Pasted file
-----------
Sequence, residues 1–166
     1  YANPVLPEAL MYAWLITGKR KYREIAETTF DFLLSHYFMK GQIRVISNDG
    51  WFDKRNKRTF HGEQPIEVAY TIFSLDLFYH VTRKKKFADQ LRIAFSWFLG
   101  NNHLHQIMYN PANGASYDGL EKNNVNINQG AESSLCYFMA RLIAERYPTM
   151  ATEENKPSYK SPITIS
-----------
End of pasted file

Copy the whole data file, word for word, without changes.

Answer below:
Sequence, residues 1–166
     1  YANPVLPEAL MYAWLITGKR KYREIAETTF DFLLSHYFMK GQIRVISNDG
    51  WFDKRNKRTF HGEQPIEVAY TIFSLDLFYH VTRKKKFADQ LRIAFSWFLG
   101  NNHLHQIMYN PANGASYDGL EKNNVNINQG AESSLCYFMA RLIAERYPTM
   151  ATEENKPSYK SPITIS